A new year has started and no doubt resolutions are being made and things are being planned. A new year, a new start and way to go! But hold on! Is something being planned for your finances? For that matter, what changed in your finances in 2018?
The assessment from my sessions is that only a small percentage of people have actually made a change in their money habits. Here is what I observed in 2018:
A majority of individuals I met at sessions still shied away from taking a risk with their investments, despite taking bigger risks with their lives by having apps on their phones which track their movements and much more. Even with real estate being stagnant, the propensity to buy a second property is high. This is really to do with their own anchoring and fear of loss bias.
Lack of product knowledge
People failed to take advantage of all the educational campaigns and material put out by manufacturers. While ‘Mutual Funds Sahi hai’ showed people the convenience of investing in mutual funds, it fell short by not addressing their concerns or queries on how to choose a fund or even simple things like how to invest into a fund. I repeatedly get asked about that one site where all information would be available on mutual funds. While the AMFI website has various resources, these need to be further augmented.
Access to the right advice
2018 would be the year which had the highest number of online, easy to use platforms being made available to investors. While these platforms had good traction, the issue of access to the right advice remains. A lot of first-time investors used these portals not only for convenience but also because they provided “free advise” on where to invest. ‘Direct’ was the talk of the town and financial advisors seem to be the bad guys, out there to get you. People forget that technology can help us to an extent but not replace an individual. Even in developed markets, most robots have added plans with human advise simply because they figured that investors need advisors to help create financial plans based on various other factors and not clinical questions alone.
Mis-selling continues unabated and everybody seems to be doling out financial advice. If it was not enough that bank tellers and service personnel try to sell Unit -linked insurance plans (ULIPs), I heard radio jockeys giving advise on markets.
Financial practices by millennials
Of course, lifestyle expenses and loans ruled the financial lives of most millennials and the advent of payday loans or loans based on social profiles makes it worse. Paying for health insurance is considered an expense whereas paying 22 percent per annum for a loan to buy a gadget on an e-commerce company website is acceptable for millennials.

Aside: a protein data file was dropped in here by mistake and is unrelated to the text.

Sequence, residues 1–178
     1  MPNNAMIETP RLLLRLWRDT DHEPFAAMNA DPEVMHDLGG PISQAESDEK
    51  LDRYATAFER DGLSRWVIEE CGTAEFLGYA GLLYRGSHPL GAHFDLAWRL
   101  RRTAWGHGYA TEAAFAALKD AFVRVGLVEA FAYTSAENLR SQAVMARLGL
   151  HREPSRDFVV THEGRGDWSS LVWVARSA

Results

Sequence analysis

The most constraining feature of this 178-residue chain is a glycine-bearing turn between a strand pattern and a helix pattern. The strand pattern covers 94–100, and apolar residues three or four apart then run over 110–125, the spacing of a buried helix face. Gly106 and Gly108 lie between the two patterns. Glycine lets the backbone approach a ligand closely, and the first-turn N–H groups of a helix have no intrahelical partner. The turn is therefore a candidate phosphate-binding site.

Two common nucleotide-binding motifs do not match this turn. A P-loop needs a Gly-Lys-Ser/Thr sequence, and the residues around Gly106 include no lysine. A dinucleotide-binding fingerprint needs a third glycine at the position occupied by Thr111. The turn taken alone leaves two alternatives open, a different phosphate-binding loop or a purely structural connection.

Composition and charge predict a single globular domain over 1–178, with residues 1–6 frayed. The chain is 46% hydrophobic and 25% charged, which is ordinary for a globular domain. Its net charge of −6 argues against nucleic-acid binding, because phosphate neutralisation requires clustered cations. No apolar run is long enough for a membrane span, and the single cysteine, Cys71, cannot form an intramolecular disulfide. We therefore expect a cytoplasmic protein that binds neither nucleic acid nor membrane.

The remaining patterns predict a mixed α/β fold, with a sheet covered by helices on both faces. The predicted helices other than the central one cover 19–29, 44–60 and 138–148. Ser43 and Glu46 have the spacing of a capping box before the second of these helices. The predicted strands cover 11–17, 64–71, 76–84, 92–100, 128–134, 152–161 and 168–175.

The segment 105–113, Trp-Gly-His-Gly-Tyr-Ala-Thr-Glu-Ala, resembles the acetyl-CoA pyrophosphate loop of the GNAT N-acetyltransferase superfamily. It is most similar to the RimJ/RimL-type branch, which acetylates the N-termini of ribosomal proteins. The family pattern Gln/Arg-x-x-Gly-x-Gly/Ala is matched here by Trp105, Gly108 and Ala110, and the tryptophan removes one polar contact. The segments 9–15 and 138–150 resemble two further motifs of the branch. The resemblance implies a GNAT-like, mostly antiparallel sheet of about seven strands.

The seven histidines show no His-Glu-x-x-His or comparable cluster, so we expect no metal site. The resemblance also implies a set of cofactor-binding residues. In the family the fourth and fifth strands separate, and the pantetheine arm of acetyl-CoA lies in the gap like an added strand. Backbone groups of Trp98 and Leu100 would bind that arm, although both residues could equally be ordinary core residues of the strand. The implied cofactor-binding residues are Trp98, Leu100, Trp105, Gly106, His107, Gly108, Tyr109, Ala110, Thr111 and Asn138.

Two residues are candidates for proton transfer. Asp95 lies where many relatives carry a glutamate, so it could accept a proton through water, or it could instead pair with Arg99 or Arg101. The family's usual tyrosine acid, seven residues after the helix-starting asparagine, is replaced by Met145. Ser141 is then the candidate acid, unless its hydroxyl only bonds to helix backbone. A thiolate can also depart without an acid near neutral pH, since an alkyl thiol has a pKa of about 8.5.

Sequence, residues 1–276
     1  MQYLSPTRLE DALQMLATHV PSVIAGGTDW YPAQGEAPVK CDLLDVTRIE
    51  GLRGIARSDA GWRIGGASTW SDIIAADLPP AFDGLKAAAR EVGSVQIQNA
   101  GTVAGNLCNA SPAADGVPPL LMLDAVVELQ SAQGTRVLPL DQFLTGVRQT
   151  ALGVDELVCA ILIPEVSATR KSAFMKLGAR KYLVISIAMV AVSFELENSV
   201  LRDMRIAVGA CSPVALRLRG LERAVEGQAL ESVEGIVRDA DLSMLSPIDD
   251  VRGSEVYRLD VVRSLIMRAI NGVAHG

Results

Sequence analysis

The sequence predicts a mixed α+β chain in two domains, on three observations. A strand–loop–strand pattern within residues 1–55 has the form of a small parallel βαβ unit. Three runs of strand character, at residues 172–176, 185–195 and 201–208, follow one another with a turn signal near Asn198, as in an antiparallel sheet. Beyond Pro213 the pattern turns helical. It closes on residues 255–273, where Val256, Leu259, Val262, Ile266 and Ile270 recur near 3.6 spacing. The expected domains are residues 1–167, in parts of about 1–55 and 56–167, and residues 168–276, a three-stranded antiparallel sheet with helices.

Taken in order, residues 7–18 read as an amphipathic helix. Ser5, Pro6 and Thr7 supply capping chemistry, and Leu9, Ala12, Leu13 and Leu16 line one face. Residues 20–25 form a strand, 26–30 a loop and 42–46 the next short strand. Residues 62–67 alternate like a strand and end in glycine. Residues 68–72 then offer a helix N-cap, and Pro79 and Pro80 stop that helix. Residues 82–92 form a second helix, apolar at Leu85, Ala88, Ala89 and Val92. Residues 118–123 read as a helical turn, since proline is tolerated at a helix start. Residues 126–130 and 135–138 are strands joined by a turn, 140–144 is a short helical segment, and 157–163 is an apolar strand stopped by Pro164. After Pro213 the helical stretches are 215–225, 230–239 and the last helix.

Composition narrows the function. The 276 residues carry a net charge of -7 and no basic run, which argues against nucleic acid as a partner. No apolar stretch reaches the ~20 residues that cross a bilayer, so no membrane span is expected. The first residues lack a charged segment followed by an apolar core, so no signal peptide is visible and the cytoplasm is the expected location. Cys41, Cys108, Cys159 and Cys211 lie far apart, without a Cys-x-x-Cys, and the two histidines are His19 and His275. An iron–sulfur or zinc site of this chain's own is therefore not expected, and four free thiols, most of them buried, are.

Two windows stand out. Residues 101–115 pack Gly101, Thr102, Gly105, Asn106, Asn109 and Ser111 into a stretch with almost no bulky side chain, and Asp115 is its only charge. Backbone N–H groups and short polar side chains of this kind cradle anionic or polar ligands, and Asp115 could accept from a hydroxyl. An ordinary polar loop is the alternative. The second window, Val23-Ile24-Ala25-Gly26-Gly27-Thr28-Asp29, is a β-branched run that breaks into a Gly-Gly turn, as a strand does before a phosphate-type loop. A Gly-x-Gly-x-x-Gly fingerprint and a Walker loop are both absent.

So what can be done better in 2019?
Individuals: Stop making the same mistakes repeatedly. Remember to
a. Save, Save, Save, at least 30 percent of your take home salary.
b. Speak to a financial planner to create a money map for you.
c. Read, Read, Read, it’s the only way to protect yourself against mis-selling or wrong advice. Choosing a wrong fund or not choosing the right instrument for the intended investment horizon can lead to bigger losses than saving money on a direct plan.
d. If you can take a risk in every aspect of your life, take it with your money also – but take it the right way, which is through mutual funds.
e. Take adequate health cover. You are never too young to have a big illness, given the current lifestyles.
f. Finally, rethink about your relationship with money from just giving us material things to something you can use to create time and memories that give you happiness.
Regulators: need to
a. Provide a level playing field for all products. The costs and tax treatment on ULIP and equity mutual fund should be the same. This would take care of the rampant mis-selling of ULIP.
b. Allow only certified advisors to give out views. Operations and service staff cannot be asking customers to invest in insurance products.
Employers: need to
Employers can play an important role in promoting the financial well-being of employees but having a defined strategy for financial wellness like other wellness programs. Further, promotion of these programs like that of marathons can also help in increasing the adoption of savings habits among employees thus benefiting the employee and employer (albeit indirectly) as well.
Cheers to the New Year and another chance for us to get it right!